Jury deliberations in the Kimberly Potter trial began shortly after prosecutors and Potter’s defense made closing arguments Monday morning.
The prosecution argued that Potter is guilty of manslaughter because she recklessly handled a weapon, which ultimately resulted in the death of Daunte Wright. Prosecutor Erin Eldridge told the jury that Potter, a former 26-year veteran of the Brooklyn Center police force, disregarded her almost 19 years of Taser training when she shot and killed Wright on April 11.
“It was a tragedy of her own making, And it’s not just a tragedy—it’s manslaughter. That she was an officer doesn’t make it OK. That she was on-duty does not make it OK. Her actions were rash and reckless and what she did was wrong,” Eldridge said in her closing argument.
The prosecution pointed out that Potter did not conduct a spark test of her Taser that morning. Because she was not accustomed to using her Taser, the prosecution argued, she drew and fired her gun instead.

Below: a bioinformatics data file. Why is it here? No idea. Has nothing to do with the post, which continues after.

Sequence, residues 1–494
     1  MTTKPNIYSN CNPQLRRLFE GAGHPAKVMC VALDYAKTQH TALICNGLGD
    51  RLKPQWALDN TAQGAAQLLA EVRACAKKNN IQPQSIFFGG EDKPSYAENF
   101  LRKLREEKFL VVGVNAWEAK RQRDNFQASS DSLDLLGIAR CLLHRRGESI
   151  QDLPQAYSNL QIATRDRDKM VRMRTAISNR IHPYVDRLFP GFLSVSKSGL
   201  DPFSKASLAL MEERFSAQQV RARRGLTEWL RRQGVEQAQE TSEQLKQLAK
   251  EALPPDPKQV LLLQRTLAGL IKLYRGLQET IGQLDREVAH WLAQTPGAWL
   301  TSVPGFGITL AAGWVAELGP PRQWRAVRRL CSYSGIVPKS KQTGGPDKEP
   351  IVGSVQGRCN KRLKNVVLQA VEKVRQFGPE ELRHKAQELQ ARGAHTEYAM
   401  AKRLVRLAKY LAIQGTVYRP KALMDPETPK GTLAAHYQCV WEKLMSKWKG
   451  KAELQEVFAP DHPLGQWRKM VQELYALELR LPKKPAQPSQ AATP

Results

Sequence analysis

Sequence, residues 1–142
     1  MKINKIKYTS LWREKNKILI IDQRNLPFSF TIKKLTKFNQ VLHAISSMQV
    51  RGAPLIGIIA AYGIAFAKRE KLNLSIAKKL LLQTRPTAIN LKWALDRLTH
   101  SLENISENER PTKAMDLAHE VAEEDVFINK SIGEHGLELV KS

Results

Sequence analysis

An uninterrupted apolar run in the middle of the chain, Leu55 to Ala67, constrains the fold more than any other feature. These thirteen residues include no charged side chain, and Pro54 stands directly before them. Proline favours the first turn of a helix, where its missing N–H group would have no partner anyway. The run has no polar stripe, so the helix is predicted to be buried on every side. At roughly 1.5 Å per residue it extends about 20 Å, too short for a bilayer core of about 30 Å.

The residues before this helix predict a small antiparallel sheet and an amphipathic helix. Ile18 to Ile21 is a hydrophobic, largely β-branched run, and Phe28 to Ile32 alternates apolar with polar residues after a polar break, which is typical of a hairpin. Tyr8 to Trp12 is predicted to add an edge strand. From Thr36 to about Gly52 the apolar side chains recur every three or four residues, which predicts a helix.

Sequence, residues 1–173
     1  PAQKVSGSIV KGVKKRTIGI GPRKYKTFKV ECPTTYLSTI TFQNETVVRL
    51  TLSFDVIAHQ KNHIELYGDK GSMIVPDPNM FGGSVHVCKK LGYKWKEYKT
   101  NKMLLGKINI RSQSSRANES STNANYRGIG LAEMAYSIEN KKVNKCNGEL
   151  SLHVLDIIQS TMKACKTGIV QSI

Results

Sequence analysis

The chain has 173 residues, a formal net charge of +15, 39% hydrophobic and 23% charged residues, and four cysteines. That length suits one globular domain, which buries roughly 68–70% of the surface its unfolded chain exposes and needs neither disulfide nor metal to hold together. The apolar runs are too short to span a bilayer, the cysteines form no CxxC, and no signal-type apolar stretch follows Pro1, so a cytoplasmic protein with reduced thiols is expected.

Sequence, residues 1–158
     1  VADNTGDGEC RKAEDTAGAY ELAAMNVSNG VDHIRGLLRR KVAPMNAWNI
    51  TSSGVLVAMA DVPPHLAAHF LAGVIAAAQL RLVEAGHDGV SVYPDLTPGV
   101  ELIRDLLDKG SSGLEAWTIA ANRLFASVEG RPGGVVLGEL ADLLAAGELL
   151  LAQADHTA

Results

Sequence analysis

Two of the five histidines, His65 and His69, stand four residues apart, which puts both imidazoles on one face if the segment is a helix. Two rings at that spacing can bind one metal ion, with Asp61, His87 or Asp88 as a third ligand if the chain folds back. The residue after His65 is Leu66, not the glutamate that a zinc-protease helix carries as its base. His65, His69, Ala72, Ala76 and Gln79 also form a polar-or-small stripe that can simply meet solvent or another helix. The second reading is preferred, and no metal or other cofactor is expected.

The prosecution further argued, as they reviewed her bodycam footage frame by frame, that no one—from Officer Anthony Luckey, who was trying to apprehend Wright to Sgt. Mychal Johnson, who shifted Wright’s car to park and tried to take away his keys—was in imminent danger until Potter decided to draw and fire her weapon.
The defense rebutted the claim, saying police officers have to make split-second decisions when faced with danger. Defense attorney Earl Gray told the jurors that “Daunte Wright caused his own death” by attempting to evade arrest and creating a chaotic scene that led Potter to make a mistake her handgun for her Taser.
The defense tried to move for a mistrial again, claiming the prosecution’s rebuttal went too long and their responses were prepared beforehand. Judge Regina Chu denied the motion, siding with the prosecution that they have the right to rebut the defense and superseding factors are in the jury instructions.
The jury, who will be sequestered during deliberations, can only consider the facts of the case and what Potter knew at the time, and not consider her character or theoretical situations that could happen in reaching a verdict.
Potter is charged first-and second-degree manslaughter. If convicted, she faces just over eight years in prison based on state sentencing guidelines.
The jury will deliberate until 6 pm Monday evening.
Henry Pan is a contributing writer at the Minnesota Spokesman-Recorder.